As you can see, the first half of this script involves a search of Active Directory. Per our usual policy, we won’t discuss Active Directory searching in any great detail today; you can find more information about that in our two-part Tales From the Script series Dude, Where’s My Printer? (You’ll find Part 1 of that series right here, and Part 2 of the series over here.) We will, however, take just a second to look at the query required to conduct our search:
objCommand.CommandText = _ "SELECT ADsPath FROM 'LDAP://dc=fabrikam,dc=com' WHERE " & _ "objectCategory='organizationalUnit'"
Actually there’s nothing especially fancy about this query; we’re simply asking the script to search the fabrikam.com domain and return the ADsPath attribute for each object that has an objectCategory equal to organizationalUnit. And yes, you’re way ahead of us: anything with an objectCategory equal to organizationalUnit is going to be, well, an organizational unit.
After we execute the query we’ll get back a recordset consisting of all the OUs in that domain; what we have to do now is try to figure out which computers reside in each of those OUs. To do that, we set up a Do Until loop that runs until we’ve looped through each and every OU. (Or, more technically, until the recordset’s EOF – end-of-file – property is True.)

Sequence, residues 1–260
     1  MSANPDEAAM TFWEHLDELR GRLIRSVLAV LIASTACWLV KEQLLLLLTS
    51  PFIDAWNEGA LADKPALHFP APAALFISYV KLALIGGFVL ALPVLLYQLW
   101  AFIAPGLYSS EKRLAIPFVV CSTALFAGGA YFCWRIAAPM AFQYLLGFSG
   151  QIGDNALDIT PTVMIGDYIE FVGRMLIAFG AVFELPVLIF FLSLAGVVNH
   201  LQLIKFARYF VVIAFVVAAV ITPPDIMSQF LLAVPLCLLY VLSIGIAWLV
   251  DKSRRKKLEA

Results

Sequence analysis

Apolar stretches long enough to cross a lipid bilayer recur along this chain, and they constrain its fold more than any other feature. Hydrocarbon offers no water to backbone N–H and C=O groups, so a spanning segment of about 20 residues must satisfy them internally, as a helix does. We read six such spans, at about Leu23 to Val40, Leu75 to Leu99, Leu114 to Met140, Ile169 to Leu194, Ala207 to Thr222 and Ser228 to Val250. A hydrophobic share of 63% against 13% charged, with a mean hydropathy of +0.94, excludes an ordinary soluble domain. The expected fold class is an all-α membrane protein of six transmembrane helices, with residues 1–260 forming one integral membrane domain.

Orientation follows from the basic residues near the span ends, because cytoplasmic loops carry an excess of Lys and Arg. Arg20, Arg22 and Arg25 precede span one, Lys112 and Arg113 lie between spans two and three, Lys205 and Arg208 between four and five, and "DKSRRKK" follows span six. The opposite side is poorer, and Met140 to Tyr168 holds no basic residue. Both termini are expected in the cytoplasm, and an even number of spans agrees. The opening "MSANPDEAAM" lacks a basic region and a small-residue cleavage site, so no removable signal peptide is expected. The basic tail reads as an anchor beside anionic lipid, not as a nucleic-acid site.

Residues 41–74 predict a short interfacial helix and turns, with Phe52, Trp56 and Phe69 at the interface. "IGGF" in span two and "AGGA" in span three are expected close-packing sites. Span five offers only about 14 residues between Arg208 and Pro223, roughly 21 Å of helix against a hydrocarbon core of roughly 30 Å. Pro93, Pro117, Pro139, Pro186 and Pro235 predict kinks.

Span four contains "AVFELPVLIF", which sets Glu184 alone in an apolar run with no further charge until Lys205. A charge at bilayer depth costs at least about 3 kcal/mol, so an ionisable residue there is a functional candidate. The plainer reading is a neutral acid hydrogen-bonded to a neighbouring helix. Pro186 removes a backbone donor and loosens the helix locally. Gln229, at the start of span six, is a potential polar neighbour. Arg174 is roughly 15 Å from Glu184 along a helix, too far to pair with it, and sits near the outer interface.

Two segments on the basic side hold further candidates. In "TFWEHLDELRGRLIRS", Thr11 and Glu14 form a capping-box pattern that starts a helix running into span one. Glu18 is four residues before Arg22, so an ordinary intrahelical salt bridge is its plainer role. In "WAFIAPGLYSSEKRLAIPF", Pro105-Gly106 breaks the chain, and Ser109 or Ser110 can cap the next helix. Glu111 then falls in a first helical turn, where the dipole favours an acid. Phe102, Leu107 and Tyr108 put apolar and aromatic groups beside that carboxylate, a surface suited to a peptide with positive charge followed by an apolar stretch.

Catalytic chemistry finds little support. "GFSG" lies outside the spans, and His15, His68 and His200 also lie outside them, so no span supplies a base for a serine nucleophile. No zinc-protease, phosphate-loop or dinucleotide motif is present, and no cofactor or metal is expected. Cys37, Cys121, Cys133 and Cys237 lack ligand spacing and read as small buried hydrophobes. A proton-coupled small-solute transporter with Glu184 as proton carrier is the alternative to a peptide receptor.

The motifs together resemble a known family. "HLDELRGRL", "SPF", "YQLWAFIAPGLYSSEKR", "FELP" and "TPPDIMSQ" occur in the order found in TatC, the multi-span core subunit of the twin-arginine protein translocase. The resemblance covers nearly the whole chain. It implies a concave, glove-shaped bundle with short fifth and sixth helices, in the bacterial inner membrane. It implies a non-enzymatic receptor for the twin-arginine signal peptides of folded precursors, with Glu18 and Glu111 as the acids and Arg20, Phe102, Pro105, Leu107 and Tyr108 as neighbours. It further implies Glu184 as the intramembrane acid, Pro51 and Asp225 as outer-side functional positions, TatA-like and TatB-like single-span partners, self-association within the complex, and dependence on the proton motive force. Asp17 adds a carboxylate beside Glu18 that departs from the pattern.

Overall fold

In order to retrieve a list of all the computers that belong to a given OU we need to first bind to that OU; that’s something we can do by using the ADsPath attribute, the very same attribute we requested when configuring our search query:
Set objOU = GetObject(objRecordSet.Fields("ADsPath").Value)
After we make the connection we echo back the value of the OU’s distinguishedName attribute; that’s going to be something similar to this:
By default connecting to an OU brings back a collection of all the objects contained in that OU; that means we can echo back a list of those objects simply by setting up a For Each loop similar to this one: